More rigor to pin down firm dates to discharge elderly patients no longer in need of hospital care, has drastically reduced the number of seniors at King Edward VII Memorial Hospital (KEMH).

Bermuda Real has confirmed the number of seniors who don’t need to be there, has been cut in half since Health Minister Jeanne Atherden disclosed KEMH was “being used as a residence for seniors” left stranded with nowhere else to live.

Citing a “growing trend for the families of these elderly Bermudians to refuse to take them back home”, Ms Atherden said “all 90 beds” in the hospital’s new Acute Wing (ACW) plus “all of the beds in the General Wing were full” six months after the official opening.

In a Ministerial Statement on March 6, 2015, she told MPs the bed shortage forced the Bermuda Hospitals Board (BHB) to add more beds and cancel appointments for elective surgery. The main source of her “distress” – family refusals to take their loved ones home and vacate hospital beds.

Refusing to “take responsibility for their grandparent, parent or sibling”, the Minister said relatives told hospital staff “they were unable to cope with an ageing relative”, or “they don’t have the appropriate resources at home”.

Despite help to find alternative placements, she said some families were “still refusing to make a decision”, leaving more than 30 seniors listed as “long stay admissions” stranded. “They should be at home – with their families in surroundings that provide a degree of comfort they can rely on,” said the Minister.

A BHB spokeswoman said: “There are still about 15 people on the alternate level care wards who could be discharged if there were community placements or willing families to take them home. These beds cost $1,142 per day on a public ward, or $1,367 for a semi-private bed per day.”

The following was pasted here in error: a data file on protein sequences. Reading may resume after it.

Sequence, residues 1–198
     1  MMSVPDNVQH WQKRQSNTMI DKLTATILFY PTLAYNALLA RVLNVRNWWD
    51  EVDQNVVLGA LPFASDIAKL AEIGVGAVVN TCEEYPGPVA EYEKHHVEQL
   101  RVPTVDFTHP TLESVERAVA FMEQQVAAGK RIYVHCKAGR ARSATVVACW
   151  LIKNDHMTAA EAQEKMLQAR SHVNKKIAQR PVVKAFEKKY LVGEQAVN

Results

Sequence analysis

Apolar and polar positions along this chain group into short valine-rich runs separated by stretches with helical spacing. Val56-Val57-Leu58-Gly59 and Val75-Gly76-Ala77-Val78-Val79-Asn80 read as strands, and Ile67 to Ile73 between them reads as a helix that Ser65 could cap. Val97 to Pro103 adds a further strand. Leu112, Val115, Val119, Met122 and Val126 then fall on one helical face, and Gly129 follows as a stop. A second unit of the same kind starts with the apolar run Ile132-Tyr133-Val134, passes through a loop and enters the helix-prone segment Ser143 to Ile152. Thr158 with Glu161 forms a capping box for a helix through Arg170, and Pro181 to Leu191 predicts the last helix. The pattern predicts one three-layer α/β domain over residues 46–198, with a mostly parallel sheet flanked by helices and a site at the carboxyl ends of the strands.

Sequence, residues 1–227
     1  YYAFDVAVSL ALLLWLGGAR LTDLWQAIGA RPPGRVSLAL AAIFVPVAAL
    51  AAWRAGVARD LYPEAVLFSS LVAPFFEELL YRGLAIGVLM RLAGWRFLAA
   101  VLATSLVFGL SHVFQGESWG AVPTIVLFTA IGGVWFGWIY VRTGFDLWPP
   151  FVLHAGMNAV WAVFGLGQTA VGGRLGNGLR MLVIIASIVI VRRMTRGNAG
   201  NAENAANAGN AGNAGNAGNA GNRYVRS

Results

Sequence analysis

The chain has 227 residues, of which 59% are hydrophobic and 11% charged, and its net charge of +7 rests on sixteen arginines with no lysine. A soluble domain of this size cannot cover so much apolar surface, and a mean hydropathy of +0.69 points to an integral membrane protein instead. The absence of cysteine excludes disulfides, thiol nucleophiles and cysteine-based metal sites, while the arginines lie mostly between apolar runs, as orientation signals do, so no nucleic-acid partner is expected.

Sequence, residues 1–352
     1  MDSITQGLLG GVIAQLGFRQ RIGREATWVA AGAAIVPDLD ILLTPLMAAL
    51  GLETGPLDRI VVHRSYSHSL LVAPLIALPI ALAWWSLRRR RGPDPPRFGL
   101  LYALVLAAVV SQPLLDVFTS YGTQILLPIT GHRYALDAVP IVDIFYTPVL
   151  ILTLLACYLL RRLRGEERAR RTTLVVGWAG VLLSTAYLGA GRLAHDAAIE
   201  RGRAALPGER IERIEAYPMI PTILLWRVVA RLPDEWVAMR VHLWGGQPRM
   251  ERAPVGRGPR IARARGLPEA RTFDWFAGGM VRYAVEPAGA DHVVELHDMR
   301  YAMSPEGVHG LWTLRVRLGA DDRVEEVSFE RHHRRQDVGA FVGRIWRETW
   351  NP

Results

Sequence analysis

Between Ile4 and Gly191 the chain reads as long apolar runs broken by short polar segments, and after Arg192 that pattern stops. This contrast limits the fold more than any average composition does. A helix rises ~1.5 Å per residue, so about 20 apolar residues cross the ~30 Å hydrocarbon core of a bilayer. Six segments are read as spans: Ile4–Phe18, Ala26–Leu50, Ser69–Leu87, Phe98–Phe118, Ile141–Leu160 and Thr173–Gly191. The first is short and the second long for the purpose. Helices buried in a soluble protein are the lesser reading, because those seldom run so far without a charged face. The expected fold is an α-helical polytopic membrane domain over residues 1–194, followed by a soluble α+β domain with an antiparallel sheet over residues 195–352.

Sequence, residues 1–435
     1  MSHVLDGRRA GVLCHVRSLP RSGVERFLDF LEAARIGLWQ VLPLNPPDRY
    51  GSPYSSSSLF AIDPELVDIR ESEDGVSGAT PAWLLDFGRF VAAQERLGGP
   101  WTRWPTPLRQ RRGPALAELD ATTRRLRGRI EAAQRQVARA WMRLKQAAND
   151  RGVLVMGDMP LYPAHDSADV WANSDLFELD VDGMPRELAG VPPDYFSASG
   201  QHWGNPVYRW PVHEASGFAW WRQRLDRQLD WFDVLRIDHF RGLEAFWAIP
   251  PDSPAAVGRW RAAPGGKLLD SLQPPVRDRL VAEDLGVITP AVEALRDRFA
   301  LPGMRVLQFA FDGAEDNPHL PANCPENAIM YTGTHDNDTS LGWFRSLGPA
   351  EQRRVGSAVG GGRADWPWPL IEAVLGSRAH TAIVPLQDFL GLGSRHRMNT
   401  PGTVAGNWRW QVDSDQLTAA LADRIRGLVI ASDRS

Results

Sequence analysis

Do the math and you’ll find the total costs are astronomical!

Fifteen patients in public ward beds cost $7,994 a week each. Times that by 15, and it goes up to $119,910 a week. If all 15 patients occupy public ward beds that translates into $6.2 million a year.

When contacted in January, the spokeswoman said: “BHB has successfully reduced the number of long term care patients in its acute care wards (in the new wing), and in alternate level care wards in the General Wing.”

Current numbers are “now very low at any time” due to a “focused and effective case management” approach. “Multidisciplinary teams comprising physiotherapists, occupational therapists, doctors, nurses, social workers and the geriatrician work together to discuss with patients and their families how their care is being planned.

“More rigor is now applied to predicting a date of discharge as early as possible so that preparations can be made for an individual to be discharged,” she said. “There is a more efficient discharge to less acute wards within BHB (called Alternate Level Care wards) for patients who might still need some medical care, but are no longer acutely ill.”